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Detasseling a Hot Job
It's mid-July and the corn is way above knee-high. It's the perfect time to complete a necessary process in agriculture--detasseling.
"This is these kids' first jobs out here, so they're learning responsibility and all that," crew boss Kirby Mixer said. "Waking up, getting here on time."
At 5:30 a.m.
"It's hot," Mixer said. "We like to try to get a lot done in the morning,"
"This process involves removing the top of the plant of the female rows," Burrus Seed Farms President Tom Burrus said.
So they don't pollinate themselves.
"That's not good," Burrus said. "The hybrid vigor that is expressed by crossing to unrelated lines is what gives the yield boost in the farmer's field."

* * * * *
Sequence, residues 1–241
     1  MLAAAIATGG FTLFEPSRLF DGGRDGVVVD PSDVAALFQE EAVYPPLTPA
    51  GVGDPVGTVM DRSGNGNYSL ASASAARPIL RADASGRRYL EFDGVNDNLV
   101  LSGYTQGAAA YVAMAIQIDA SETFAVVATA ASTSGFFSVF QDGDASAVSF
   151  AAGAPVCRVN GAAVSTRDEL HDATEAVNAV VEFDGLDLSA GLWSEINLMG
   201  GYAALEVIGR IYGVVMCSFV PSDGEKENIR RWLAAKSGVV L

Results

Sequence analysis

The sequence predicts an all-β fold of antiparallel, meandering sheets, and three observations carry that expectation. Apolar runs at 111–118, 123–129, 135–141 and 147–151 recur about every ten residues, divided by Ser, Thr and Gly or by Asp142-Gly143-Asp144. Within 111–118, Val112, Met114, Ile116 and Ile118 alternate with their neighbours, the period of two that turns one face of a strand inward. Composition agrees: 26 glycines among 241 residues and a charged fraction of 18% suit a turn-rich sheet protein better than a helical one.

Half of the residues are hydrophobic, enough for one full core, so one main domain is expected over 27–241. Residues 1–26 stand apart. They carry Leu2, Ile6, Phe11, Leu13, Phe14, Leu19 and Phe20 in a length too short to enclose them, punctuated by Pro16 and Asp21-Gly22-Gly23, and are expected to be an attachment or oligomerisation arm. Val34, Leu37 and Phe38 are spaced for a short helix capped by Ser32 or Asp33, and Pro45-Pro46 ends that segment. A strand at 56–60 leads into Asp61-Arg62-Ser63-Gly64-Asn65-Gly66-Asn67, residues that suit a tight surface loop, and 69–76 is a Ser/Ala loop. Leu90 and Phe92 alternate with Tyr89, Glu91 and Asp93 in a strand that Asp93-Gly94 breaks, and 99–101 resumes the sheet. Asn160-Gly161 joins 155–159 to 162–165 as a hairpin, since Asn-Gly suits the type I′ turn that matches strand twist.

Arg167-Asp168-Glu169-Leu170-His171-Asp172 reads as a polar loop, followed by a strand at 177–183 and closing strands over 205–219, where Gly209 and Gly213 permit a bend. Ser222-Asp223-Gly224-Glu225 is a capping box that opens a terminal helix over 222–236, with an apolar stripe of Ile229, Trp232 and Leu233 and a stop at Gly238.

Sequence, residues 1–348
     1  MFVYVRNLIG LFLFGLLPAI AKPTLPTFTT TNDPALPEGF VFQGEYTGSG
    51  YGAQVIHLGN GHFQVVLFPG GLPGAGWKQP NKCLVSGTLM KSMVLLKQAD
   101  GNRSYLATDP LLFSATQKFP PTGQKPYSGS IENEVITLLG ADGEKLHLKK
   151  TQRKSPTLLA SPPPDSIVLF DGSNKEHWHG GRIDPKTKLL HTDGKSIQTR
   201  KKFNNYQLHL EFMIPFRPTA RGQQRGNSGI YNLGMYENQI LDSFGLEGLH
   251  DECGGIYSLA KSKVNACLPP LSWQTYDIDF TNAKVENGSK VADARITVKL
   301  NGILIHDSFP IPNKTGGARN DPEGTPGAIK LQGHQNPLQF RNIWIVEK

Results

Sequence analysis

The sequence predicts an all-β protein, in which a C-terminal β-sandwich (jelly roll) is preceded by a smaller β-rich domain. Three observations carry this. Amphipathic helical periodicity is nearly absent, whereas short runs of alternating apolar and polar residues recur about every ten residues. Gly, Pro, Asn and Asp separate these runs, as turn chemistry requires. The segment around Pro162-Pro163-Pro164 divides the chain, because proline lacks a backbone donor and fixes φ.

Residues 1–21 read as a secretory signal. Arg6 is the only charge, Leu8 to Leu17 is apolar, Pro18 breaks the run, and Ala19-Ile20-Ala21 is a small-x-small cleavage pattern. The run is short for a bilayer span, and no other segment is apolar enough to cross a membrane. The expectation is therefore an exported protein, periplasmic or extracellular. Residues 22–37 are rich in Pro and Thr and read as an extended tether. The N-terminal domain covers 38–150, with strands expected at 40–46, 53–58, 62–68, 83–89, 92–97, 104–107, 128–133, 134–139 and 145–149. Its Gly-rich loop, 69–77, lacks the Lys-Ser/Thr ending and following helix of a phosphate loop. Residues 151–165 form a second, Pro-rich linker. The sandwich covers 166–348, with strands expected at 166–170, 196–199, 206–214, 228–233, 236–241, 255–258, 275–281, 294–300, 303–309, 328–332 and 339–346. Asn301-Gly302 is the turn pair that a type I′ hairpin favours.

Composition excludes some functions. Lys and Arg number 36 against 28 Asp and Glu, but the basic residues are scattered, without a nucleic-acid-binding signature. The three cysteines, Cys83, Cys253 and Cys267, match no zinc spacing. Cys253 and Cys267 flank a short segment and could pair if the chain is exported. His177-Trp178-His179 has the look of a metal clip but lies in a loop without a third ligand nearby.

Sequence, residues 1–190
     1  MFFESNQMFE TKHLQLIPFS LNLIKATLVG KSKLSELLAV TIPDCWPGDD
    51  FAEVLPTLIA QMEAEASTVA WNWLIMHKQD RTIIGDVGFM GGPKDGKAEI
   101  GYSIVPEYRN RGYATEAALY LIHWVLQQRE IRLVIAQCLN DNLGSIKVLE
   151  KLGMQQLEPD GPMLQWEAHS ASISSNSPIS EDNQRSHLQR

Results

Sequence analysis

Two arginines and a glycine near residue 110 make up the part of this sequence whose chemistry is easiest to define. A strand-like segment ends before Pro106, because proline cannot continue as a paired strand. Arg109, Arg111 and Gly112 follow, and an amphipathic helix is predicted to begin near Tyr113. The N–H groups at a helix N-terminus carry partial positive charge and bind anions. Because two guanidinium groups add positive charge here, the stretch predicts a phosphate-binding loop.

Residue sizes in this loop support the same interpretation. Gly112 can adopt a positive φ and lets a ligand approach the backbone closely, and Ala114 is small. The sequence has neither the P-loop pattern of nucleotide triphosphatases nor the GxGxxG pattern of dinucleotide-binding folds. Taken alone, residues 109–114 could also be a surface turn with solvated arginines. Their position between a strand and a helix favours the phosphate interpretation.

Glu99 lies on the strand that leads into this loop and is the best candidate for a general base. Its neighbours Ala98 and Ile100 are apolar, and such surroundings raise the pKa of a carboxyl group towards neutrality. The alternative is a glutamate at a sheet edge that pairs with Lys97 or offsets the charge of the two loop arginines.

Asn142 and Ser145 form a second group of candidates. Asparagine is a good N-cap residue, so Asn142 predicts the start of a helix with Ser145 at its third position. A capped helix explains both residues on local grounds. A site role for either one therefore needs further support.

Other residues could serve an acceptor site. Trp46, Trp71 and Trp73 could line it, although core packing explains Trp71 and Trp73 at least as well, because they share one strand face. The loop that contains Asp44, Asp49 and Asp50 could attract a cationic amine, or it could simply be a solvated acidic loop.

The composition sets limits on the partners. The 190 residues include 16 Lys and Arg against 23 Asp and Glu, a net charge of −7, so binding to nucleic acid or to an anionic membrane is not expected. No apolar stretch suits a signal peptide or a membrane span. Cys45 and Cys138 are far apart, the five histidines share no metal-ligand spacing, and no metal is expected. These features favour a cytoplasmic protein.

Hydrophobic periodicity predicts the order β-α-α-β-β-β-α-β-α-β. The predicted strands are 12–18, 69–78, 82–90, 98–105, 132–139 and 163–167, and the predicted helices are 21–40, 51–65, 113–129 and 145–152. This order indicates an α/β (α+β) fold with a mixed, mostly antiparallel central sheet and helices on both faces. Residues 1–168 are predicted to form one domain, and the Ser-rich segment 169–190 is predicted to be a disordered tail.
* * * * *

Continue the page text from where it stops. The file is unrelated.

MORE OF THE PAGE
Mixer oversees at least eight other detasselers who either ride by her side or walk in the fields.
"Just to get what the machine can't get," Mixer said. "In a walking crew where if you're rouging and the corn's above your head there's no wind."
But lots of sun. That is where Burrus Seed Farms Supervisor Gary Sloter comes in.
"[We] make sure that they have plenty of drinking water," Sloter said. "We also try to give them breaks throughout the morning when they're at the end of each field."
It is a hot job for reasons other than the temperature.
"We have 550 applicants," Burrus said.
They can start at $7.75 an hour at as young as 13. They can also quickly work their way up.
"This is the highest earning opportunity that a young person could have," Burrus said.
And a good way to build a resume while cultivating life-long friendships.
The detasseling process will continue through the first days of August. Burrus Seed Farms is hoping for a yield of 50 to 70 bushels per acre.
Burrus Seed Farms recruits teens and young adults from a 30-mile radius. The kids end up learning several other agriculture processes as well. The Burrus's said many kids who they recruit at age 13 end up working on the farm through college.